I had never seen eyes like hers. Either they were brownish gray flecked with brownish yellow, or brownish yellow flecked with brownish gray. They were deep in, wide apart, and moved fast.

“What’s the matter?” she asked.

That was phony. She must have been used to people, at first sight of those eyes, staring at them; she probably expected it. I told her nothing was the matter, took her to the office and gave her a chair, sat at my desk, and observed, “So you’ve been here before.”

She shook her head. “A friend of mine was here a long while ago, and then of course I’ve read about it.” She looked around, twisting her head to the right and then to the left. “I wouldn’t have come if I hadn’t known a good deal about it, and about Nero Wolfe and you.” She leveled the eyes at me, and, finding it difficult to meet them casually, I met them consciously. She went on, “I thought it would be better to tell you about it first because I’m not sure I would know how to put it to Nero Wolfe. You see, I’m trying to work something out. I wonder—do you know what I think I need right now?”

“No. What?”

“A Coke and rum with some lime and lots of ice. I don’t suppose you’ve got Meyer’s?”

It seemed to me she was crowding a little, but I said sure, we had everything, and got up to step to Wolfe’s desk and ring for Fritz. When he had come and got the order, and I was back in my chair, she spoke again. “Fritz looks younger than I expected,” she said.

I leaned back and clasped my hands behind my head. “You’re welcome to a drink, even a Coke and rum,” I told her, “and I’m enjoying your company, that’s okay, but if you want me to tell you how to put something to Mr Wolfe maybe you’d better start.”

“Not till I’ve had the drink,” she said firmly.

She not only had the drink, she made herself at home. After Fritz had brought it and she had taken a couple of sips, she murmured something about its being warm and removed the jacket and dropped it on the seat of the red leather chair. Furthermore, she took off the straw thing she had on her head, fingered her hair back, and got a mirror from her bag and gave herself a brief look. Then, with her glass in her hand, and sipping intermittently, she moved to my desk for a glance at the germination cards, crossed to the big globe and gave it a gentle spin, and went to the shelves and looked at titles of books. When her glass was empty she put it on a table, went to her chair and sat, and gave me the eyes.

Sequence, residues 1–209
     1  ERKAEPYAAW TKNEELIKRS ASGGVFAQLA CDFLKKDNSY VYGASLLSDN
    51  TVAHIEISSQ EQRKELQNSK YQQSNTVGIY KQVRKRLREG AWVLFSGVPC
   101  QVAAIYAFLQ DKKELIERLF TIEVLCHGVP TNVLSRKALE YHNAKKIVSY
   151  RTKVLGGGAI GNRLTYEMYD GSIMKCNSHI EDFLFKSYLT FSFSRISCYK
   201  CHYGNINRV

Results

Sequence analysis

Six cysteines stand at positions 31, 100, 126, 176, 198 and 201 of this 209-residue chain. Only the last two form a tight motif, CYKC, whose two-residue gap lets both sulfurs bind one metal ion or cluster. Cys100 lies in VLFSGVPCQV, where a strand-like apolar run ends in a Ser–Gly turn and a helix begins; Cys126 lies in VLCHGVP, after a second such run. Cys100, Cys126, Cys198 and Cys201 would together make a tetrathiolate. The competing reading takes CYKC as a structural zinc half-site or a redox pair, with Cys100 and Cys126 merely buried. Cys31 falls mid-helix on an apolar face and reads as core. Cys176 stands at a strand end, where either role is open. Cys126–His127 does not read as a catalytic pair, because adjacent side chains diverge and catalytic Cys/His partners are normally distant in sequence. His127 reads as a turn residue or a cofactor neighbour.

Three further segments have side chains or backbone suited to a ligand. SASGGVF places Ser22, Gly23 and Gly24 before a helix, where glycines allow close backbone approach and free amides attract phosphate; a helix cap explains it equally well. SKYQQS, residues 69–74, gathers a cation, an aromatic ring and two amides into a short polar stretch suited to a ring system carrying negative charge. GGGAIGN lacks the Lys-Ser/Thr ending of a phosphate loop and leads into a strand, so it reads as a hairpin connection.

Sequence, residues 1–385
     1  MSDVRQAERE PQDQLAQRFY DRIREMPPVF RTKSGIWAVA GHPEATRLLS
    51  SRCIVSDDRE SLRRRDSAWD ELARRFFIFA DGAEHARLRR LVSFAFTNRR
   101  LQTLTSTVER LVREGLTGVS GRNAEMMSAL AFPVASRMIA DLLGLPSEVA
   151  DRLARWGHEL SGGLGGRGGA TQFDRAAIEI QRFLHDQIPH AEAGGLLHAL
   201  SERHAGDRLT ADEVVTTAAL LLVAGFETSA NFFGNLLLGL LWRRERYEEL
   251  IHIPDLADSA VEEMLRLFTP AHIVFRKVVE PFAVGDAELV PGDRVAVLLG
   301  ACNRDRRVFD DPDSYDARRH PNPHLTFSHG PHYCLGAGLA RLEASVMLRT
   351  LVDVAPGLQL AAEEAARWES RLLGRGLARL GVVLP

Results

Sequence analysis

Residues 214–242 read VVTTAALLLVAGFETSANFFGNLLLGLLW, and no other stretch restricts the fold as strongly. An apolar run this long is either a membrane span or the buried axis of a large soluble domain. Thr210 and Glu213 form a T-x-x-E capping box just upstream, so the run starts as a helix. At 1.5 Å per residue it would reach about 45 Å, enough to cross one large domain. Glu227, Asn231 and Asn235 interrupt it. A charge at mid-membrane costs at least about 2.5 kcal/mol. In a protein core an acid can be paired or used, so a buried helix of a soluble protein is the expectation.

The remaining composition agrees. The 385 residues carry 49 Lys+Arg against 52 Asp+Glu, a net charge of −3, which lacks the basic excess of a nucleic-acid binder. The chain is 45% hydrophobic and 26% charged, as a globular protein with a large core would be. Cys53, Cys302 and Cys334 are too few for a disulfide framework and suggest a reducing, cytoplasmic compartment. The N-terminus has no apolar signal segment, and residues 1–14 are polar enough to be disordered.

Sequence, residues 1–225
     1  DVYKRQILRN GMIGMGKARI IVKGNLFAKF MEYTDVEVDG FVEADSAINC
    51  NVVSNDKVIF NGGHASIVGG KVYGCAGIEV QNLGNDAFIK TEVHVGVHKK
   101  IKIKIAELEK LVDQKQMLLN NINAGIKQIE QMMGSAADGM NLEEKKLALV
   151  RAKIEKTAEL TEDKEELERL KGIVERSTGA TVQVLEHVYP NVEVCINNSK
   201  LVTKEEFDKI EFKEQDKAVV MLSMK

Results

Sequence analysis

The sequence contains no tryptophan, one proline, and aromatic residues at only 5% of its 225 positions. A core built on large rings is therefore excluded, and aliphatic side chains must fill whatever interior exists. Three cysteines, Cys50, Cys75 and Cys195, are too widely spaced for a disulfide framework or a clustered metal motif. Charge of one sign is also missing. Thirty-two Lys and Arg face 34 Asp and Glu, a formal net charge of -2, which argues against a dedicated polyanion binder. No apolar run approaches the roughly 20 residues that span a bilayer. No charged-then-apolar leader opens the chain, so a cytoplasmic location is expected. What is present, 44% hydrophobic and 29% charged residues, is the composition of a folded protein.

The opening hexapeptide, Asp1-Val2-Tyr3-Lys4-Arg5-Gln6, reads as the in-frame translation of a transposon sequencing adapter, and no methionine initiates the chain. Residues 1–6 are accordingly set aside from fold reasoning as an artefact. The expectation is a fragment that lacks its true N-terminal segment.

“I’m beginning to get myself together,” she told me.

“Good. Don’t rush it.”

“I won’t. I’m not a rusher. I’m a very cautious girl—believe me, I am. I never rushed but one thing in my life, and that one was enough. I’m not sure I’m over it yet. I think maybe I should have another drink.”

I decided against it. I couldn’t deny that the effect Coke and rum had on her was pleasant; it tuned her up and emphasized her charms, which were fair enough without the emphasis. But this was office hours, and I wanted to find out if she had any potential as a client. So I decided to dodge the drink problem with a polite suggestion, but before I had it framed she demanded, “Does the door of the south room on the third floor have a bolt on the inside?”

I frowned at her. I was beginning to suspect she was something we couldn’t use, like for instance a female writer getting material for a magazine piece on a famous detective’s home, but even so she was not the kind to be led out by the ear and rolled off the stoop down the steps to the sidewalk. There was no good reason, considering the eyes, why she shouldn’t be humored up to a point.

“No,” I said. “Why, do you think it needs one?”

“Maybe not,” she conceded, “but I thought I’d feel better if it had. You see, that’s where I want to sleep.”

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Categories: Stout, Rex